Strings


He remained warm a long time.

Warm and still. I lay with my head on his chest, straining to hear the heartbeat that had lulled me to sleep so many times before. Only this time, I wasn’t trying to sleep. I wasn’t tired. I was engulfed: drowning in the tide of arrangements I’d have to make once I picked up the phone to announce it.

The sun rose slowly behind the blinds. He’d usually be up by now. Every night he made sure the alarm was ready, and every morning he rose before it went off. On the rare occasions I woke before him I could practically feel his consciousness return to his body; the stages of his awakening marked by a subtle, sentient shift in his breathing. He’d yawn. Quietly stretch. And then he would lay still a moment, caught up in mental preparations for the day.


In the last few years his joints creaked and popped as he rose from the bed. But, it wasn’t because he was old. He wasn’t old. Not old enough, anyway.


coffee-1487886_1920.jpgEach day began with the same routine, ever since the kids moved out. He’d put on his slippers and shuffle to the kitchen to brew a pot of coffee, humming softly. He’d make his way down the front stairs to grab the paper and pull the door shut quietly behind him, careful not to wake me.

The lapel of his pajamas was soft between my fingers. Our room still smelled like him. The scent of his breath. His hair. How long could I lay with him like this before the smell of him ripened?

It had always seemed like there would be more time.

There had been times throughout our marriage I fantasized he would die. I’d even longed for it in the days after we laid our first baby to rest. I had wanted him to go with her so I could move on. So I didn’t have to see the sadness of losing her swallow the spark of fatherly pride that so briefly lit his eyes.

It had been morning when he found her still and quiet in her crib. She had been released from life as irretrievably as the string of a helium balloon, floating above the reach of my careless grasp. I should have known. I should have felt her passing, but I didn’t. Just like I hadn’t felt Walter’s, sometime in the hours before.

He brought home a puppy, three days after Luanne died. He’d left me alone in the house until dinner and returned with the dachshund, a bag of kibble, and a rubber ball. How many years ago had that been? Fifty-three. Our Luanne would be fifty-three now.

How I hated Walter when he brought that dog home.

I didn’t love my husband. I hadn’t loved him before our daughter’s death, and I didn’t love him after. In truth, there was never any great spark between us. We went through the motions of love. Meet. Become engaged. Get married. Exchange our apartment for a house. Buy a dog after our baby died, as if that would help. As if a dachshund might entice me to forget the sweet way the top of her head had smelled, and the warmth of her tiny body at my breast.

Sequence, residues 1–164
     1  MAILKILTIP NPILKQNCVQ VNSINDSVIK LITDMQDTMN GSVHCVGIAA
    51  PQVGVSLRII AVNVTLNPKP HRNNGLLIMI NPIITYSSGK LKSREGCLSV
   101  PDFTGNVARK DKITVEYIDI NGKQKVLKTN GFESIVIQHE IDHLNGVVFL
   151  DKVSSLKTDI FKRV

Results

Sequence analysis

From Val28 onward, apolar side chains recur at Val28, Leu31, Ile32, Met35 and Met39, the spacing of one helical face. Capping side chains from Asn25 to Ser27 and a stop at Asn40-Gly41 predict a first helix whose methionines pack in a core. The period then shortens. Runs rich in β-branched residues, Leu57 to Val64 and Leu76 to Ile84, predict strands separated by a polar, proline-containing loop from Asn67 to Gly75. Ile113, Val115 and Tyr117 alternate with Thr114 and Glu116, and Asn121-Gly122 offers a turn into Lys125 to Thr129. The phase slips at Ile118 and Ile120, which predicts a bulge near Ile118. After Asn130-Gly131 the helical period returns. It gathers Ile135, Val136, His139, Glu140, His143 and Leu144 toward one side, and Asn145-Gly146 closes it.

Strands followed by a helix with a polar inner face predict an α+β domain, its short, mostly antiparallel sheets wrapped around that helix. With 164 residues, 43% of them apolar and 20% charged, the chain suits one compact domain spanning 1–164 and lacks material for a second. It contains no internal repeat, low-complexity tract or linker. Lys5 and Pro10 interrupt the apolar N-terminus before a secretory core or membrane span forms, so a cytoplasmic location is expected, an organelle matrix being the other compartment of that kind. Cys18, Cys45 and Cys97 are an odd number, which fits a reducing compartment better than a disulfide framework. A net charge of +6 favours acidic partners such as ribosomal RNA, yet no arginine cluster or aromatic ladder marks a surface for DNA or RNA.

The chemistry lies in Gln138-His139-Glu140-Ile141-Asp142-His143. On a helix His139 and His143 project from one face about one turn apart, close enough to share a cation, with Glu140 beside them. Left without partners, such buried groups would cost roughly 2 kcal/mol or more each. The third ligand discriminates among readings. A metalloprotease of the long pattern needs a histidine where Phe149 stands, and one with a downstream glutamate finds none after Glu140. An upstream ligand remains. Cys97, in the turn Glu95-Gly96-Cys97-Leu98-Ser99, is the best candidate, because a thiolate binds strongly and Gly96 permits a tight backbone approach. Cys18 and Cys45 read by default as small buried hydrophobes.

I pulled back a little, moving my head to the pillow beside his to take in the sight of Walter’s face in the rising light. His colorless lips hung open slightly. Small grey hair sprouted from wide nostrils and spilled from his ears. Lines ran thin around his mouth and eyes, and deep across his neck.


He was old. We both were. Maybe I just hadn’t noticed before. Not really.


The blankets were wet at my legs. It had happened quietly. A final release of urine while the organs inside his body shut down, like lights switching off in an old house at night, one, by one, by one.

I left him to shower. The water felt good on my shoulders, and I adjusted the taps gradually until the stream was almost scalding. I stood naked beneath the flow, watching the clouds of steam rise in the air. He’d been a good father when he wasn’t pulled from the house by clients. I’d raised the boys alone for the most part. He mowed the grass, budgeted my grocery allowance, paid the bills, and came home to cold dinners, left on the stove long after the kids had reluctantly padded to bed.

That was a long time ago. There would be no need of asking Walter for permission to spend money now. I could paint the house whatever color I wanted. I could sell the house if I wanted. In fact, I’d have to. There’d be no reason to keep up with the shoveling in winter, the gardening in summer, and the raking in fall without him.

Partitioned from the world like this, water raining on my back, it was easy to imagine Walter at the table, drinking coffee, turning the pages of his paper. The memories came easy of him teaching our sons to ride their bikes on the road out front and to skate on the rink out back.

Would these memories come as easy if I lived somewhere else?

No, I never loved him. Not in the way women loved men in the movies. I could live without him now. Thrive without him. We had never been soul mates. We argued more often than not. About trivial things. They all seemed trivial now.

The boys would want to salvage some of his things. A few tokens to remember him by. What would they choose? His tools. His journals. His books, maybe. And I’d have to go through the rest, weeding out the objects binding him to our house. I’d made these arrangements before, for his parents, and then mine: the going through of the houses to remove the things. It had been hardest when Walter’s mother passed. She loved me like a daughter since the first time we met. She loved me effortlessly. Easily. I could almost feel her sadness of his passing now. The comfort she might offer me if she was still here. The tightening of her arms around my body.

What was this feeling constricting the bones in my ribcage? Sadness? Regret? What was a woman supposed to feel, in the moments after her husband died? I had been the witness of Walter’s life, and I failed him. I never loved him the way he deserved. I never loved him the way he loved me.


The conditioner rinsed from my hair, I turned off the tap. I hesitated, listening to the last of the water trickle down the drain. The house was quiet. Walter’s body waited.


Clearing the fog from the mirror, I examined my reflection. My eyes weren’t quite as sharp as they used to be; the border between my pupils and irises slightly blurred. Water dripped from my short white hair. My breasts hung heavily from my chest. Yes, I was old. Just as old as Walter. And we had come down this road together.

In the bedroom, I pulled Walter’s clothes off his soft, deflated body. I struggled to roll him to the clean side of the bed and dress him in fresh pajamas. Blue ones, his favorite. I changed the bedding and put the put the soiled laundry in the washer downstairs after ensuring he looked comfortable, head propped up on a couple of pillows. This is how the EMTs would find him when they came.